DNR, Conservation Corps stepping up Olympic Peninsula trail

A series of rock steps on the Cove Trail that lead to a rocky cove. Photo/ DNR.
A rocky cove awaits at the end of these stone steps. Photo/ DNR.

DNR  is taking steps to improve one hiking-specific trail on the Olympic Peninsula, with the help of Washington Conservation Corps. A crew recently helped DNR to install rock stairs on our Cove Trail, near Port Angeles, which takes hikers down to a secluded rocky cove along the Strait of Juan de Fuca.

A connecting spur from the Striped Peak Vista Trail, the Cove’s Trail rock stairs are about 40 feet long and will lessen erosion along the steep descent to the water.

Striped Peak Vista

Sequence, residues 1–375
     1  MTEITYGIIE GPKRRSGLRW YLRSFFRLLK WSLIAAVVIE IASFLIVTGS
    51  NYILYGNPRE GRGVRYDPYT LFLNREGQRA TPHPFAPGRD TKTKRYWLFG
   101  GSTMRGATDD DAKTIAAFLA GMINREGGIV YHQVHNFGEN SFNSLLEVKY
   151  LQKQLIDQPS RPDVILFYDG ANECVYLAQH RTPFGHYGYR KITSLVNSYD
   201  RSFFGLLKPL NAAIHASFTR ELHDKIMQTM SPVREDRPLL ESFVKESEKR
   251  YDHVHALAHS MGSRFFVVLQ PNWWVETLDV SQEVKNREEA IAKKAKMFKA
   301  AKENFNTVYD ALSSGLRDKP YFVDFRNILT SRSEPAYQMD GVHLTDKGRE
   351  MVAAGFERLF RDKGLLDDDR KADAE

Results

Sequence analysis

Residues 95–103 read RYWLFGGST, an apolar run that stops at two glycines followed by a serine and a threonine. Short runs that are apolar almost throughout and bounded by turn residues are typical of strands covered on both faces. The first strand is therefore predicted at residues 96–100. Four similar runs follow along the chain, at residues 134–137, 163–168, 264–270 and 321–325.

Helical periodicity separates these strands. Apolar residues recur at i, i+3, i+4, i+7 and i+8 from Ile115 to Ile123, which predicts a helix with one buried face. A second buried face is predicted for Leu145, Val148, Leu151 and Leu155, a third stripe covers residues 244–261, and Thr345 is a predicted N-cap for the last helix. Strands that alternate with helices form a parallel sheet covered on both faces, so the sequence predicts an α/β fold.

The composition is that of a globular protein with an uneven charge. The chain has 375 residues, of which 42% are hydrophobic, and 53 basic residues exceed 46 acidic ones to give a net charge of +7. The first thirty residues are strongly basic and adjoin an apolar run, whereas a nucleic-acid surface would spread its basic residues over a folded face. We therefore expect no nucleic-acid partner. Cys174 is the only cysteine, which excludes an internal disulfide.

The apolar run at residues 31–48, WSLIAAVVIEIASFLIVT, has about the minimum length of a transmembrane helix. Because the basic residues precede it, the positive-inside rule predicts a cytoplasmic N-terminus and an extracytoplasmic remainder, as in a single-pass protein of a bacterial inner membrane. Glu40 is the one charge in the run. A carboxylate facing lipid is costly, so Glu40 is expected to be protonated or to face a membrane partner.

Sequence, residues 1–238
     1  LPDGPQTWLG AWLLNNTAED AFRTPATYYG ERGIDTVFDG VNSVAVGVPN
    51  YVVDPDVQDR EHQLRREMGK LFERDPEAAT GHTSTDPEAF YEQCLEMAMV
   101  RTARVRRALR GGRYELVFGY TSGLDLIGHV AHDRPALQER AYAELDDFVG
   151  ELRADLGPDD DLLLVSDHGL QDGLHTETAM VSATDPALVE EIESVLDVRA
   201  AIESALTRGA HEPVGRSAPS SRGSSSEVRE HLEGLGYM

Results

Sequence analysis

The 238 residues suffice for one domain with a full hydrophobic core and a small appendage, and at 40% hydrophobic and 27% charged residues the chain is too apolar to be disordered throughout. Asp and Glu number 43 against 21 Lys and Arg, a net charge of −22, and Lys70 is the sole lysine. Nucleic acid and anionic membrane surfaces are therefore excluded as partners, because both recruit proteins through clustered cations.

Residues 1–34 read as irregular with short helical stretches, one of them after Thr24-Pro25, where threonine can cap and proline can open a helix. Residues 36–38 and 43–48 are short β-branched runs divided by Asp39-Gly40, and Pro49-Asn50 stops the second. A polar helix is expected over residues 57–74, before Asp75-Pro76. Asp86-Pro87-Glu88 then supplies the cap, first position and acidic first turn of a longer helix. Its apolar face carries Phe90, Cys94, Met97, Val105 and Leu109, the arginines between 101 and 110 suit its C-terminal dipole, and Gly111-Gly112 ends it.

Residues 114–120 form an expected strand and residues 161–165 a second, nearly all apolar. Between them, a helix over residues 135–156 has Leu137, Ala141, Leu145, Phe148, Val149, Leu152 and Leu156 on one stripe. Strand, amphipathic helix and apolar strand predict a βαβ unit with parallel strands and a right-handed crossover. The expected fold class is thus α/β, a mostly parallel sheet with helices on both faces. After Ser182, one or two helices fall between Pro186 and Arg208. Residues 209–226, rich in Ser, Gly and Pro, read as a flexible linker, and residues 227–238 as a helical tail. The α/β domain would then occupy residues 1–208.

In addition to the cove, the two-mile Striped Peak Vista provides views of Vancouver Island, mature Douglas-fir trees, and the surrounding Olympic Mountains.

Getting there
The Cove Trail is about a two-mile hike from the Striped Peak Vista trailhead. You can also reach the cove via a one-and-a-half-mile hike from the Clallam County’s Salt Creek Recreation Area.

Washington Conservation Corps 
The Corps, founded in 1983, is a multi-agency effort with DNR, AmeriCorps, the Department of Ecology, Veterans Affairs, and others that invests in future generations by building young people’s professional skills as they perform stewardship for the state’s natural landscapeshigh-quality recreation opportunities, and the Puget Sound.

For more information about state lands on the Olympic Peninsula, visit our website. To plan your next trip today, visit our interactive recreation map.